Reposted from ABCNews.com
Leaking oil forced an American Airlines passenger plane to make an emergency landing at Raleigh-Durham International Airport.
Airport officials said the pilot noticed the leak shortly after taking off from Raleigh for Chicago around 8:15 a.m. Sunday. The first attempt at an emergency landing was scrapped, but the pilot brought the plane down safely as emergency crews stood by on the second attempt.
Authorities say none of the 138 passengers on the MD-83 jet were injured.
American Airlines was bringing in another plane to take the passengers to Chicago.
Reports by The Aviation Herald indicate that the MD-83, was N565AA. The Flight number for this flight appears to be AA 1645.
Information from our website regarding toxic fumes on airplanes (which can be caused by an oil leak):
All commercial jets (with the exception of the 787 Dreamliner) rely upon air pulled in through the engines to provide pressurized air to the cabin. During flight high-temperature compressed air is bled off the engines and, after being cooled, is re-circulated throughout the cabin and flight deck. Pyrolized engine oil or hydraulic fluid may contaminate the air in these compressors. As a result of exposure to this contaminated air, airline workers along with airline passengers, may develop chronic health problems leading them to seek attention from health care providers.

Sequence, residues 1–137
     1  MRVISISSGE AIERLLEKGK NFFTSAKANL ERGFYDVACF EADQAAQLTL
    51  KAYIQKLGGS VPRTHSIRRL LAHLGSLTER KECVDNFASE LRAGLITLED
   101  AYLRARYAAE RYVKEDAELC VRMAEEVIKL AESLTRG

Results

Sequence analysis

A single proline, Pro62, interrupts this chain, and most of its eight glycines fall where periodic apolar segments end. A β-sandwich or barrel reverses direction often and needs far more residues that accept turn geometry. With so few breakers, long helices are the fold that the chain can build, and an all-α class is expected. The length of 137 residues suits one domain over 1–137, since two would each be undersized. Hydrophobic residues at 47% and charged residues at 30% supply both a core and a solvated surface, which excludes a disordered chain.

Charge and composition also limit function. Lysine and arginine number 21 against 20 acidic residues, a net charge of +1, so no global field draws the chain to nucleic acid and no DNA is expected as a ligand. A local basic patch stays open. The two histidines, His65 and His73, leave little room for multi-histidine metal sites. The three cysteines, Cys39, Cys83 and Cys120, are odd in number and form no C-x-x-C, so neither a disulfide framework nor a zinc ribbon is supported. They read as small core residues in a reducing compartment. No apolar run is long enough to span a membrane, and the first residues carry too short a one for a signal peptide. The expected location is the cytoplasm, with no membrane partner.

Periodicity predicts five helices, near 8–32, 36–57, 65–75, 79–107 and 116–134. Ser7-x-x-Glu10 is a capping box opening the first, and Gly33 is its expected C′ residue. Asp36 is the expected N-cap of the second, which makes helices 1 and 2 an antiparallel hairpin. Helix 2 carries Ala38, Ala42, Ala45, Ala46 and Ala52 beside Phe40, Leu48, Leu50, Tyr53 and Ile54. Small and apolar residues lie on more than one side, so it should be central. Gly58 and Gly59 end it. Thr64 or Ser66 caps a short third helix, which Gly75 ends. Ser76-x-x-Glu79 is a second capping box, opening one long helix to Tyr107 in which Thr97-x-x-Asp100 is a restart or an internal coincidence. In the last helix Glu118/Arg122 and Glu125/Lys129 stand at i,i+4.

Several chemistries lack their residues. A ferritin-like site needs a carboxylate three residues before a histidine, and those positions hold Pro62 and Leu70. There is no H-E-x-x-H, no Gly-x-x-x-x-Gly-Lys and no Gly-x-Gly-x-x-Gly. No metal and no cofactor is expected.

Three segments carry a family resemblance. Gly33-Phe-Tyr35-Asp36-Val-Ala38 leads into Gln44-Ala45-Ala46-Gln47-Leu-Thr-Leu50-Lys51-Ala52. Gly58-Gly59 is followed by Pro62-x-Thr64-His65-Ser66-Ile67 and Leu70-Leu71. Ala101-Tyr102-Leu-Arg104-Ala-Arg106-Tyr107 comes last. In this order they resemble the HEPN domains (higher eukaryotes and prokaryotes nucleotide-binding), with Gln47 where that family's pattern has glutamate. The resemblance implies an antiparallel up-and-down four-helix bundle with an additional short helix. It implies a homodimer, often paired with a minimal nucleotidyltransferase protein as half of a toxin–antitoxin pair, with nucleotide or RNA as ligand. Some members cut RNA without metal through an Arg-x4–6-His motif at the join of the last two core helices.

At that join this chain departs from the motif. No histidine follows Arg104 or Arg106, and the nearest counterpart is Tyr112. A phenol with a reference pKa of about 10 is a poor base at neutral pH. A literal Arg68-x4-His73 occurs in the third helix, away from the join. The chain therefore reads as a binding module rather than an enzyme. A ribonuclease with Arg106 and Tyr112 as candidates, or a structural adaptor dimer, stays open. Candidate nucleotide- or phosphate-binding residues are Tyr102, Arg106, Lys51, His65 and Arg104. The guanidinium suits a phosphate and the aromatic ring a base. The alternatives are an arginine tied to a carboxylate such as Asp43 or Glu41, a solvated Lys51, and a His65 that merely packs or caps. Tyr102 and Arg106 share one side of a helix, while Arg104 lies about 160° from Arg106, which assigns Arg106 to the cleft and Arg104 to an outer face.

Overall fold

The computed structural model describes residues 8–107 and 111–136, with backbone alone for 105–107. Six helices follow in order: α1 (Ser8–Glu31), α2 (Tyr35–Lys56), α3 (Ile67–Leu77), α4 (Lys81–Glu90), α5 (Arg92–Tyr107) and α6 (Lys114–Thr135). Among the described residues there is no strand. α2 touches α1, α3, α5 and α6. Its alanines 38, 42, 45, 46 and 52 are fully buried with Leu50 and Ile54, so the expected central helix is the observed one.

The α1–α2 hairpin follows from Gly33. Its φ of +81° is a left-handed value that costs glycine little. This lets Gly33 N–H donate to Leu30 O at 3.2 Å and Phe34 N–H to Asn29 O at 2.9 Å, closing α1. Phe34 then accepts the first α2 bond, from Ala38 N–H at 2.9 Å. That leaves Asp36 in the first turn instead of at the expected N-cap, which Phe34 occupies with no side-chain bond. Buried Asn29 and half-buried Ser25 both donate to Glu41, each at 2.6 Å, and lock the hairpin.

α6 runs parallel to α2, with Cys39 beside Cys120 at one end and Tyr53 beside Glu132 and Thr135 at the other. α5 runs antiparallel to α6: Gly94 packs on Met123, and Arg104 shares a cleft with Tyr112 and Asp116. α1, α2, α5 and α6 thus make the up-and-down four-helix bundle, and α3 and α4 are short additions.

Jet engine oil contains an organophosphate known as tricresyl phosphate (“TCP”), a neurotoxin capable of damaging the central and peripheral nervous system. After exposure to contaminated bleed air passenger and flight crew may suffer from industrial asthma and neurological damage including cognitive problems, memory loss, uncontrollable tremors, numbness and tingling in the extremities, disabling migraines, speech impairment, and vision loss, among other symptoms.
Sometimes people describe contaminated bleed air as smelling like “dirty socks” or “bad cheese” or a “gym locker room.” Sometimes this injurious air does not smell at all. Some have described a metallic taste that they experience during a “fume event.” Others may have trouble breathing.
If you have been exposed to contaminated air on an airplane there is important information that your doctor should know. Click here to obtain the Bleed Air Medical Protocol, a document designed to help doctors treat victims of fume events. Bring this document to your doctor.
If you have any questions regarding this information, please do not hesitate to contact us.